I tend not to get too emotionally affected by music, mostly because I usually ignore lyrics unless they're especially clever, and well, a lot of musicians don't try that hard. But it's difficult to pay attention to Hospice at all and not get hit by it. It figures that only a couple weeks after I wrote a "best of 2009" list which featured nothing that made a huge impact on me, I'd hear an album as gripping as anything in recent memory. The music itself is only part of the equation, and you can't talk about Hospice without mentioning its origins. From what I can tell it's more or less the true story of the singer falling in love with a terminal bone cancer patient at the hospital where he worked. You can probably guess how well that works out.

Despite the simple honesty of the lyrics, they never really hit you over the head with the message, and it's easy to ignore the content if you just want to hear a nice mix of shoegazing post-rock and indie folkiness (why isn't this a more popular combination?), though if you do you're not giving it a fair chance to do everything it can. Some people probably wouldn't want to hear an album that would only depress the hell out of them, and that's fine. But it's one of the more powerful listening experiences I've had in a while.

Despite the sorrow of the words and the sincerity with which they're sung, it wouldn't work if the music was bad, and fortunately it's not. There's a fair amount of time spent without much happening beyond ambient noise, and it's difficult to love every moment when it feels like you're being pulled out of the flow a bit. There's a push and pull with the general sound as it goes between a strumming guitar and louder noise elements, and it could have gotten bogged down in its own seriousness.
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34 of 41 people found the following review helpful By Alisa McCune on January 3, 2010
Format: Audio CD
I had a stroke this past June. When I listen to this album it moves me to tears. I cannot get the music out of my head. I am just blown away. I am moved to tears. Feeling hopeless and alone in a hospital is a horrid thing.
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29 of 37 people found the following review helpful By S. Barr on August 25, 2009
Format: Audio CD
More than deserving of a 5/5. I literally give this album a 100%

This is a truly emotional and beautiful album. It seems to be a concept album, circling around someone's stay & ultimate death in a hospital. (Perhaps an abortion) &it really communicates all the emotion that comes along with that. Beautiful melodies and vocals that always seem heavy with sorrow, but just enough noise to express the helplessness and rage one would feel at someone's hospital bed.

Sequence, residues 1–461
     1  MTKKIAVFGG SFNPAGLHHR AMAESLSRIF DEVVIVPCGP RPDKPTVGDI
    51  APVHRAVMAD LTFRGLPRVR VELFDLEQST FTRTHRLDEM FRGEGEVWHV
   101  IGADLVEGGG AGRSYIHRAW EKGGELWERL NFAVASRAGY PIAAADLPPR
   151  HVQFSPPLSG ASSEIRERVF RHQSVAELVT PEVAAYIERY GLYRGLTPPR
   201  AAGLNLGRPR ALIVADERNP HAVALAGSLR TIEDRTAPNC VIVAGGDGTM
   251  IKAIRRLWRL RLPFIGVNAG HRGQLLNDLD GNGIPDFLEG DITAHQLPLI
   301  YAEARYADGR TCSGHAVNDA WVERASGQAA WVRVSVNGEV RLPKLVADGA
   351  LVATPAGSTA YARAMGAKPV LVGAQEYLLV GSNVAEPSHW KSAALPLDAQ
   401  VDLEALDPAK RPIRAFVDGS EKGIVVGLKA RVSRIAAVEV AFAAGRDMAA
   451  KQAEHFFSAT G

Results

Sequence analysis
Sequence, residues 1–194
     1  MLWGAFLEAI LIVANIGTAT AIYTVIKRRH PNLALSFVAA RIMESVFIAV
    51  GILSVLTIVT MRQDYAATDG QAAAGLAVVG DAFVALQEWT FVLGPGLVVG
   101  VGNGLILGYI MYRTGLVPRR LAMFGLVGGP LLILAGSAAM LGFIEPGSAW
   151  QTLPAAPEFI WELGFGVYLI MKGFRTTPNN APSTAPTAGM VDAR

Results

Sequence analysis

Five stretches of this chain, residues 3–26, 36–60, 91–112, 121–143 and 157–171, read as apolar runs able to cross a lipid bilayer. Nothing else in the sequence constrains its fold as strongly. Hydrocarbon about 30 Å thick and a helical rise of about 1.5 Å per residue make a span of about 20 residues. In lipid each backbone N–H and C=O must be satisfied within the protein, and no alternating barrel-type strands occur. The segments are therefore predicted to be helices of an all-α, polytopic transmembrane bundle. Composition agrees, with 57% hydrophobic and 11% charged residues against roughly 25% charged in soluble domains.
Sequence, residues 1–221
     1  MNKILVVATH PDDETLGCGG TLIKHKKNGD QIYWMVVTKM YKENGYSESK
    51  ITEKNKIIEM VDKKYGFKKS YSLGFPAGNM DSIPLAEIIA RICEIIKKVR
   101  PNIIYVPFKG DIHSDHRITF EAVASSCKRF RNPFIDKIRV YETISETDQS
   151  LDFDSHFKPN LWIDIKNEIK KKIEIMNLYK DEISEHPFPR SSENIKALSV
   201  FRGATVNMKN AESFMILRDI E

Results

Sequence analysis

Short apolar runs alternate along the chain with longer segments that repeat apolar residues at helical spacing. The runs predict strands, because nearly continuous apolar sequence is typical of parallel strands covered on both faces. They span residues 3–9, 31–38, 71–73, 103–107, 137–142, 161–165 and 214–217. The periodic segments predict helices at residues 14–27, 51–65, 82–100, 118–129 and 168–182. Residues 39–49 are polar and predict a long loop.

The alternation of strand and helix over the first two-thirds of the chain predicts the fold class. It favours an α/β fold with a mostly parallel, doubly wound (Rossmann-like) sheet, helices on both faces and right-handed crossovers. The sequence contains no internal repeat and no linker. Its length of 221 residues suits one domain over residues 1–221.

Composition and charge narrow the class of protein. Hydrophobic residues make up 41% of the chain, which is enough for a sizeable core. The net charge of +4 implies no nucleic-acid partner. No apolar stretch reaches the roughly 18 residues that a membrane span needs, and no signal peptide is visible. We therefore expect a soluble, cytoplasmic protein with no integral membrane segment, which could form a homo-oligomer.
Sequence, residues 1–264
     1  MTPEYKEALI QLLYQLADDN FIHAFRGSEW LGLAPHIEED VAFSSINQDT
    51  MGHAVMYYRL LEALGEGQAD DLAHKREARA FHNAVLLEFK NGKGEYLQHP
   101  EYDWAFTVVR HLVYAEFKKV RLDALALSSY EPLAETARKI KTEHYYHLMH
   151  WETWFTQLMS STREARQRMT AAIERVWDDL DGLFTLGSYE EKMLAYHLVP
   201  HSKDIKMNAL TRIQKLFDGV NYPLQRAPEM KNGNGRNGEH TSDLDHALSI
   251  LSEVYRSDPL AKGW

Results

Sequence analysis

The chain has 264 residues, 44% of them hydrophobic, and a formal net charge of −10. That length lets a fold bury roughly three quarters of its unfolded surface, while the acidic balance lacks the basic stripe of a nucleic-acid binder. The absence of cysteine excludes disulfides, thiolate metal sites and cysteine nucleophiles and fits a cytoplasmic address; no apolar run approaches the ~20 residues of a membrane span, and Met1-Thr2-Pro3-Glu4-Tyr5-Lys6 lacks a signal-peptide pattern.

Wake is the most beautiful song I've heard in a long time.

God, my words don't do this album justice. Just get it. You will be happy and sad and in awe and f***ing blown away.
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8 of 9 people found the following review helpful By Robert J. Petersen on December 16, 2009
Format: Audio CD
Wow. It's taken me three days and many riveted listens to figure out how to write this review. Those who've compared this to Neutral Milk Hotel's In the Aeroplane Over the Sea aren't that far off and fans of NMH will fall in love with this one instantly.

But the most accurate comparison I can make is to Lou Reed's Berlin. Both deal with brutally raw subject matter. The lyrics of both suck you into into the most intimate details of another's life (by the way, you can find them for this album at [...]) and death. Both have simple haunting melodies at their core. Add in deep emotionally delivered vocals and you have album length single pieces of roller-coaster manic-depressive music that, if you have the open mind and strength to really listen to, you will never forget.

There are only a few albums that play with my emotions like this (and I love every second of it). Roger Water's The Pros and Cons of Hitch Hiking and Radiohead's The Bends are two that come to mind and were I more clever I am sure I could have figured out how to tie them into this review in a more meaningful way.

Don't expect alternative rock. Don't expect indy pop. Don't expect lo-fi.

Do yourself a favor: find art.